New Rainier Arms RA-308 Rifle

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Rainer Arms has released their first complete .308 rifle, the RA-308. Outfitted with their UltraMatch billet receivers, the rifle comes complete with a corresponding 16″ (1/10″ twist) UltraMatch barrel (Shilen-blanks) and 14″ Switch .308 rail with continuous top rail and keymod slots on the sides and bottom. The lower receiver is flared for easier magazine insertion.

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The rifle is ambidextrous, with an ambi charging handle (the Raptor), safety selector (BAD-ASS 45-degree), and bolt releases. For recoil mitigation, the rifle comes with Rainer’s black-nitride finished “RAC” or Rainier Arms Compensator. In case .308 does not put down your target, the MFT engage pistol grip and MFT Battlelink stock round out the rear end.

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The rifle weighs in at 8 lbs, 6 Oz. unloaded and is currently available in black on Rainer Arm’s website for $2,695.00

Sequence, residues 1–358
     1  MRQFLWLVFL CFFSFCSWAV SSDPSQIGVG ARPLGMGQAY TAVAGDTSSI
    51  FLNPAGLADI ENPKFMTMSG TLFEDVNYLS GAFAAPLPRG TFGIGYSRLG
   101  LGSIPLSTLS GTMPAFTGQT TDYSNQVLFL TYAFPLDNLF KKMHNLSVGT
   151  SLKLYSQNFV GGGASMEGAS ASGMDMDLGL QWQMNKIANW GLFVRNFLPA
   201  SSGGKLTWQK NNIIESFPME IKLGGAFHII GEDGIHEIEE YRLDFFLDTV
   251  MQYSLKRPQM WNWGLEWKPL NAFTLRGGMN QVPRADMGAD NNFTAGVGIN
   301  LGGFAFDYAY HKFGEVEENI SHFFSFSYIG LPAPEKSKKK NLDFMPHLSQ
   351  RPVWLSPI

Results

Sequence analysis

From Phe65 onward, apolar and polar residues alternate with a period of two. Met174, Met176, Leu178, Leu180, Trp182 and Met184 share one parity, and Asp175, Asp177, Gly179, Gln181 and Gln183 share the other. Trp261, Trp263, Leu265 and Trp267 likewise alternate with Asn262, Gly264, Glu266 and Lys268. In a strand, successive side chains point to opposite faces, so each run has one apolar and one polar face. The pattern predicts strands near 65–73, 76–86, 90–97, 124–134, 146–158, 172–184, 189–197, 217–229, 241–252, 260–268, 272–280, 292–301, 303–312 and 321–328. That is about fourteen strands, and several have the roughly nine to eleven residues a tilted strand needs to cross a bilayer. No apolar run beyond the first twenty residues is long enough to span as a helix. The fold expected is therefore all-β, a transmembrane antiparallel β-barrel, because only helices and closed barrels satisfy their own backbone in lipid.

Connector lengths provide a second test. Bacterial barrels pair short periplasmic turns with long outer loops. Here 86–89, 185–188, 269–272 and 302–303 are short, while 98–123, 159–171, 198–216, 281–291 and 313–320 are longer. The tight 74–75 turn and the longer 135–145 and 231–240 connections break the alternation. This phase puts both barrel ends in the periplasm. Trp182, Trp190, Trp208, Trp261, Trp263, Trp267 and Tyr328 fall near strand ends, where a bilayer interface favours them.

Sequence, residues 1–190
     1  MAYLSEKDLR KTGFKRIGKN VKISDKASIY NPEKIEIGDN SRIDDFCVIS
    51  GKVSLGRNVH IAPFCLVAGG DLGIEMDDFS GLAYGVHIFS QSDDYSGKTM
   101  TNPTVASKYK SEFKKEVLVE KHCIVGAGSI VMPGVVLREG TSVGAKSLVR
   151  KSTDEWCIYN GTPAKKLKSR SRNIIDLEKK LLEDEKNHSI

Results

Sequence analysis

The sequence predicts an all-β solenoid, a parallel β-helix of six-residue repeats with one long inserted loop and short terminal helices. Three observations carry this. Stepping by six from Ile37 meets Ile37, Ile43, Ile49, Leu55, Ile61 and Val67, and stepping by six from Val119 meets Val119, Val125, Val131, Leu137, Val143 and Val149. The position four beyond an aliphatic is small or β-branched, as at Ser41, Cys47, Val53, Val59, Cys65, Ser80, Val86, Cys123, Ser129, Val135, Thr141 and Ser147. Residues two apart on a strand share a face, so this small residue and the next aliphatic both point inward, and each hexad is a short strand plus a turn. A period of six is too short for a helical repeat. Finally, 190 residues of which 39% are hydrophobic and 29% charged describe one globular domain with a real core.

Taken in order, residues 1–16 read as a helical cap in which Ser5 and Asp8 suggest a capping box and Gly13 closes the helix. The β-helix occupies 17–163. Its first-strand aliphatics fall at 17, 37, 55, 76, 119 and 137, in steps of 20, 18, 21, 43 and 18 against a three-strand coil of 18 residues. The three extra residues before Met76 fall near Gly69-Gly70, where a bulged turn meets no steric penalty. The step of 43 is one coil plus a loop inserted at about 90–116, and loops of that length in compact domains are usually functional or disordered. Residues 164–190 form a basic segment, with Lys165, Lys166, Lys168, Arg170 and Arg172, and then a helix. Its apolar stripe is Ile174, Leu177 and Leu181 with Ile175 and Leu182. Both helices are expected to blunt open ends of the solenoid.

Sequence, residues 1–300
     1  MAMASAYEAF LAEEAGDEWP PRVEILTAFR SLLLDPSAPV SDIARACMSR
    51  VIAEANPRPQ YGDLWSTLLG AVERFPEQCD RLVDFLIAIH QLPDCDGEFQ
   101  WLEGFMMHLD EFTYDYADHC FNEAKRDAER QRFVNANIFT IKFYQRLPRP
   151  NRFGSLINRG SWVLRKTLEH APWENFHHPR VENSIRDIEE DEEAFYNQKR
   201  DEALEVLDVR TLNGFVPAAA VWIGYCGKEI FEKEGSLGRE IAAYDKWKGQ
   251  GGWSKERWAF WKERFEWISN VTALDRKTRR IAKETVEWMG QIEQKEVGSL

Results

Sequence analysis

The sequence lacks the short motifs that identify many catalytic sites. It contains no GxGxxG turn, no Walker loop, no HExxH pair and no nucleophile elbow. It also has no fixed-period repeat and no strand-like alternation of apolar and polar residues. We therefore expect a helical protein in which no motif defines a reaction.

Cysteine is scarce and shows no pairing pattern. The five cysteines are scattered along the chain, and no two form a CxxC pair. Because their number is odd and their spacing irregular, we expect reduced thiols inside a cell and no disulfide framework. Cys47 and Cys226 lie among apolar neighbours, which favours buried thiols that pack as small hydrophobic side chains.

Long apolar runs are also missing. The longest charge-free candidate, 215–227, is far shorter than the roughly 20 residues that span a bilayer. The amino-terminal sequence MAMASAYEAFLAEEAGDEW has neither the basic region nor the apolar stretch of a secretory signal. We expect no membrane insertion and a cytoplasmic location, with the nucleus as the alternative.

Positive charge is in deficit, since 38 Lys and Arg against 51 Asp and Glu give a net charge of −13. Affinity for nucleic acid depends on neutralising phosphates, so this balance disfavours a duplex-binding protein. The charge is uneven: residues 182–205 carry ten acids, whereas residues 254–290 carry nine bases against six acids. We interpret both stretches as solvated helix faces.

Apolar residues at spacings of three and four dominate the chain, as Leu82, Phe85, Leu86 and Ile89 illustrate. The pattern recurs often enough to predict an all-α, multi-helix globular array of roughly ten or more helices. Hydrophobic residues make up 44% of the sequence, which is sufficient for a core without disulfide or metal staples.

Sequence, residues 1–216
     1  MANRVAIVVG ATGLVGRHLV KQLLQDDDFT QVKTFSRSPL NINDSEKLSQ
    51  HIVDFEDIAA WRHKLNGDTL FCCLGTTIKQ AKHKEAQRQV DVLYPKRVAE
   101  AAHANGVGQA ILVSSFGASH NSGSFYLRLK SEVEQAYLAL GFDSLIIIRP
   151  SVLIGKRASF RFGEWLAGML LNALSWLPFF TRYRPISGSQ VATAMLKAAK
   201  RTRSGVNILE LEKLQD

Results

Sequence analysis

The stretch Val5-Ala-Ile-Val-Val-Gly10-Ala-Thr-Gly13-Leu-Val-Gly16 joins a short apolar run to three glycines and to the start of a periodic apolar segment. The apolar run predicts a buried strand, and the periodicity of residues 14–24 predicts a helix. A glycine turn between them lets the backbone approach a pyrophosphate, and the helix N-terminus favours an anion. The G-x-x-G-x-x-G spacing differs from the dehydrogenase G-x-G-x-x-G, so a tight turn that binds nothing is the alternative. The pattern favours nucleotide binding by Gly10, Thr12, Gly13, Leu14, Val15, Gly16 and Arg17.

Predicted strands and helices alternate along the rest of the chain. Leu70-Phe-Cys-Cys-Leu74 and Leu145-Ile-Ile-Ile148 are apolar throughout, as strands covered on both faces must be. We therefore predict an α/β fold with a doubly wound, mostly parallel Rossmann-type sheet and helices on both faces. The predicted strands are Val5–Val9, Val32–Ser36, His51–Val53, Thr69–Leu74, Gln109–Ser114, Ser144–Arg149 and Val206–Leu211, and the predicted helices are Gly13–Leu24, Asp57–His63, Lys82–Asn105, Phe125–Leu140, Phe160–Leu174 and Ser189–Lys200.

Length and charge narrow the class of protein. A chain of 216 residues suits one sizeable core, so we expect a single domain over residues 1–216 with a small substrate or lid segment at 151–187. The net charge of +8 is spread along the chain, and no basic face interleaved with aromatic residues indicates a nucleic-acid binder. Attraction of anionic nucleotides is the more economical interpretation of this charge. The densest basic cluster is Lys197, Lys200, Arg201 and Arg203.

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Photos of the Coyote rifle are courtesy AR-15News.com and XfirePix. 

Features:

  •  Rainier Arms Ultramatch 16″ Stainless Steel Barrel
  • 1 in 10 Twist
  • Mid Gas System
  • Rainier Arms Match .308 BCG
  • Rainier Arms Compensator .308 Black Nitride Finish
  • Rainier Arms Switch .308 Rail 14
  • Rainier Arms Raptor Ambidextrous Charging Handle
  • Rainier Arms Ultramatch 7075 Billet Upper Receiver Type III Hard Coat Anodized
  • Rainier Arms Ultramatch 7075 Billet Lower Receiver Type III Hard Coat Anodized
  • Ambidextrous Extended Bolt Release
  • Flared Magwell
  • Integrated Trigger Guard